Aromatherapy Blending Tips~ When to Use Blend Equalizers, Modifiers,Enhancers and Natural Extenders

7:43 PM Posted by Jo Pedranti

                                     

Blending essential oils can be tricky and it requires practice. I learned long time ago that it is a good idea to write down the recipes of the blends so you remember the great ones. 

Blend Equalizers
If your blend is not smooth and has some sharp edges then it's a good idea to consider using blend equalizers. Blend equalizers are the essential oils that will smooth out the sharp edges in a blend. According to Battaglia, Lavabre says the essential oils of sweet orange, Spanish marjoram, fir, tangerine, pine and rosewood are considered equalizers. If your blend contains cineole rich essential oils Lavabre suggests that fir and pine needle are ideal to use.

Blend equalizers will balance the blend and this will make the blend flow harmoniously. The equalizers' main purpose is to hold the blend together without having any or very little effect on the blend's personality. Battaglia says equalizers  can be used in large amounts, if blend modifiers are also used then equalizers can be used up to 50%.

Blend Modifiers
If you realize that your blend is flat and uninteresting then it may be a good idea to add a drop of a modifier. Blend modifiers will contribute to its unique personality as well as give the blend a lift. Some modifiers are cinnamon, peppermint, clove, vetiver, cistus and German Chamomile. Even when used in small amounts the modifiers can influence the overall aroma of the blend, so it is suggested by Battaglia to use them sparingly. Don't use more than 3%.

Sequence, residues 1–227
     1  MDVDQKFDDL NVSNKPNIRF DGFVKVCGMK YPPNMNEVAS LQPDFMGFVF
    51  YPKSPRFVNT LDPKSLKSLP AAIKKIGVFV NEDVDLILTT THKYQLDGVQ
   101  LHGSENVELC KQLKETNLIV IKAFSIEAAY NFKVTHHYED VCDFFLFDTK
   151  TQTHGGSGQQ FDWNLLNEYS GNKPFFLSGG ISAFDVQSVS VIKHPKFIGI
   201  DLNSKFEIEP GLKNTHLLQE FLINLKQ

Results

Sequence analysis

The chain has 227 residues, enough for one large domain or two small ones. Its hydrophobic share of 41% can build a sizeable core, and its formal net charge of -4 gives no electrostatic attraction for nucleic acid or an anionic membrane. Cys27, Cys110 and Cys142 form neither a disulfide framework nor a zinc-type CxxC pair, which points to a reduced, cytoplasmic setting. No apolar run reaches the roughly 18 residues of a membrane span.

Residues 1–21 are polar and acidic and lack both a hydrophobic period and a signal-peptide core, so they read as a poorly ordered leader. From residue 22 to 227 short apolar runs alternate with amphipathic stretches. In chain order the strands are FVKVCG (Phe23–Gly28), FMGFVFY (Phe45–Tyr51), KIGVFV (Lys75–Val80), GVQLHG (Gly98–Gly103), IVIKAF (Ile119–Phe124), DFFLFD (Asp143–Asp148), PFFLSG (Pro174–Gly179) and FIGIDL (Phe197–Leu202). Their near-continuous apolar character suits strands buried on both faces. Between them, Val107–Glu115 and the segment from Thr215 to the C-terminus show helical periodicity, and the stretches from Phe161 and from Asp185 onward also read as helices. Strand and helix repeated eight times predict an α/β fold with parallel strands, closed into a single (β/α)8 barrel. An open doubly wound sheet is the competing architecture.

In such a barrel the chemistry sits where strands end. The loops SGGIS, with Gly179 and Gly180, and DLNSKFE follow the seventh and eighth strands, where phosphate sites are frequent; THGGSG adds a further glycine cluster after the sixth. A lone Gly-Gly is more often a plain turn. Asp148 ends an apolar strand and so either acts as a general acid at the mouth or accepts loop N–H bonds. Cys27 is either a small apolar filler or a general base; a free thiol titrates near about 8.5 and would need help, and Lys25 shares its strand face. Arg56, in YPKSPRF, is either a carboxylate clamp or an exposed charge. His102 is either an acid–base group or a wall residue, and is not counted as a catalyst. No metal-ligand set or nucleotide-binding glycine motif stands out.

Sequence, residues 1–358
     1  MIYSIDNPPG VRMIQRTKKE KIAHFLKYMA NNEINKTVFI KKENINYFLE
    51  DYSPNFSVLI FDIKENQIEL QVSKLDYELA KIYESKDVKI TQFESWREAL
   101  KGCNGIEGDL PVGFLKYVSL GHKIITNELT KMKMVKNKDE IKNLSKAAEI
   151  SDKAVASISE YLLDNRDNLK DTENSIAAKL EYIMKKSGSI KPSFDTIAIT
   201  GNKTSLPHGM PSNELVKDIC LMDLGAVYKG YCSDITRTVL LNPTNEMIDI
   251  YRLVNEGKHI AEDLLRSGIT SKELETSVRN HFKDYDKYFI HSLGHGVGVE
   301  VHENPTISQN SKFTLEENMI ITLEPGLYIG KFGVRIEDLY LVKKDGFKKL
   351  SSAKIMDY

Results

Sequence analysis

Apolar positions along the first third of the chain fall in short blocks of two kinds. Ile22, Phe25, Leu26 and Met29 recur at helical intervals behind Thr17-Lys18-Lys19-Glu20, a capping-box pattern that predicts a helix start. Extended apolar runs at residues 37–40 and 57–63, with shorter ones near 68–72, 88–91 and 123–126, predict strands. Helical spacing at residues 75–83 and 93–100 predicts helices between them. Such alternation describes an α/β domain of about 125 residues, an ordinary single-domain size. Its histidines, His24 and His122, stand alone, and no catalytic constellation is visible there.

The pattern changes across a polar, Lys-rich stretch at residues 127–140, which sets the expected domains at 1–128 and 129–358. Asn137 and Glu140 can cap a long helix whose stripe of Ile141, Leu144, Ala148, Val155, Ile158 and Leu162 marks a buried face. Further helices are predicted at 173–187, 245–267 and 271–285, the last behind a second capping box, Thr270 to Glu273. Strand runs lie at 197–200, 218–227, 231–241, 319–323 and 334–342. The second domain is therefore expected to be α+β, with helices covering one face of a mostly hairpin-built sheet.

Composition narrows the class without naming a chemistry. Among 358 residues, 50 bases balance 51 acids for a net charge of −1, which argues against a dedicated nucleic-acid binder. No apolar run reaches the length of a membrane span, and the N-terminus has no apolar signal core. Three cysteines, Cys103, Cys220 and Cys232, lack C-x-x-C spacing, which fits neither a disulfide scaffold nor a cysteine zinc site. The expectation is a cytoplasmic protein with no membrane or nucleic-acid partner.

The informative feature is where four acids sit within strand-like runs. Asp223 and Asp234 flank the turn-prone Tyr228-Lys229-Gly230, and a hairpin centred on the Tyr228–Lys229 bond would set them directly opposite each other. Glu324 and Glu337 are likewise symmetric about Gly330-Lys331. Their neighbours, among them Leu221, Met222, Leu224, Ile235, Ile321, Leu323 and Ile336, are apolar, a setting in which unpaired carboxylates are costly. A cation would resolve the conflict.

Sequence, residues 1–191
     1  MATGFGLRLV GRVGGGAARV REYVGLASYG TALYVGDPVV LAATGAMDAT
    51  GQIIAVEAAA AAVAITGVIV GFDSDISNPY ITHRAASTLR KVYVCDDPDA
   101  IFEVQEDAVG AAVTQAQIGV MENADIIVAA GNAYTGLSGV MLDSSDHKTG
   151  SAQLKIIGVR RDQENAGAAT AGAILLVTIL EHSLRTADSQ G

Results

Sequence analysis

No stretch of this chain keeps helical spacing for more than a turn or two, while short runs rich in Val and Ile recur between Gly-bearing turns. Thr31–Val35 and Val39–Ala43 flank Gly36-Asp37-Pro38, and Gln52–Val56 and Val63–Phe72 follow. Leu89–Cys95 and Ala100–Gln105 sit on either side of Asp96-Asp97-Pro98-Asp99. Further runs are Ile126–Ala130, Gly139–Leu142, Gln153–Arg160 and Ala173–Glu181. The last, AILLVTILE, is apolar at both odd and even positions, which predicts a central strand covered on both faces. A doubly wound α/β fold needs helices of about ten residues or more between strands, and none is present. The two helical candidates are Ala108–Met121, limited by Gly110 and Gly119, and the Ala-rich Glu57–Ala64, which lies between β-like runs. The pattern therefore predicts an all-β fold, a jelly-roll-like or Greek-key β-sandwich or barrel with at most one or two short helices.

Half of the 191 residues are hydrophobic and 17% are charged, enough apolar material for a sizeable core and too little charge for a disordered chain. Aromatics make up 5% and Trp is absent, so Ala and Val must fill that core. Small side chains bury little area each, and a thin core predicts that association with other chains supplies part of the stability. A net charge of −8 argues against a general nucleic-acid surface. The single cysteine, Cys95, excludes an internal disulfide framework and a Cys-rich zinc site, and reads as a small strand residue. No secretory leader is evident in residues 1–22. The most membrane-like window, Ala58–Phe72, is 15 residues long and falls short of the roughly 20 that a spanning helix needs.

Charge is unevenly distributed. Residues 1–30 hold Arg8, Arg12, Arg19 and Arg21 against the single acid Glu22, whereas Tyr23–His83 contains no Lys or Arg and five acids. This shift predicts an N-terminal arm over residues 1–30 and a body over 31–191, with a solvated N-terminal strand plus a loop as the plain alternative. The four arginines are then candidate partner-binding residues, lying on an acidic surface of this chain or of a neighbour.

Blend Enhancers
Blend enhancers can slightly modify a blend without overpowering it. They have a pleasant aroma and Battaglia says they can be used up to 50%. Geranium, bergamot, clary sage, cedarwood, lavender, may chang, spruce, lime, lemon, lavender, palmarosa, jasmine, myrrh, rose otto, neroli are considered blend enhancers according to Battaglia.

Natural Extenders
When you use expensive essential oils such as rose, jasmine and neroli you want to take advantage of their exquisite aroma. Battaglia says that Lavabre recommends using natural extenders to make the blend more affordable. The natural enhancers should be compatible with the expensive essential oils of course. 
Battaglia shares a formula that shows how it is possible to maintain the equisite rosy aroma of a blend by adding two less expensive essential oils with rosy and floral aroma. Battaglia chooses to add the less expensive essential oils of rosewood and palmarosa  as natural extenders to a rose absolute blend. He is using patchouli as a base note which has a rich, sweet and earthy aroma.
Palmarosa 10%
rose absolute 20%
rosewood 60%
patchouli 10%

 Essential oils are expensive and it is annoying when you create blends that don't turn out so well. Hopefully the tips mentioned above will be useful. Happy Blending!



Before you leave:

I recommend that you always perform a skin patch test when you try a new oil on your skin.

Check out my safety page to make sure you are aware of any contrindications before you use essential oils. Some oils are not suitable when suffering from certain conditions. Also, Read this Before You Start Using Essential oils. Some oils should not be applied prior to sun exposure so make sure you check this list before spending time in the sun.

Not sure how to apply the oils? Visit these pages to learn how to apply the oils:
If you're new to essential oils you might want to check out my Getting Started Guide. 

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Johanna is an aromatherapist and she is passionate about educating people about health, essential oils, real food, natural remedies, and nutrition so they make healthier choices in their lives. 
Follow Johanna on twitter and facebook for more health tips and information.


Sources:
Salvatore Battaglia (2003) The Complete Guide to Aromatherapy Second Edition.The International Centre of Holistic Aromatherapy.

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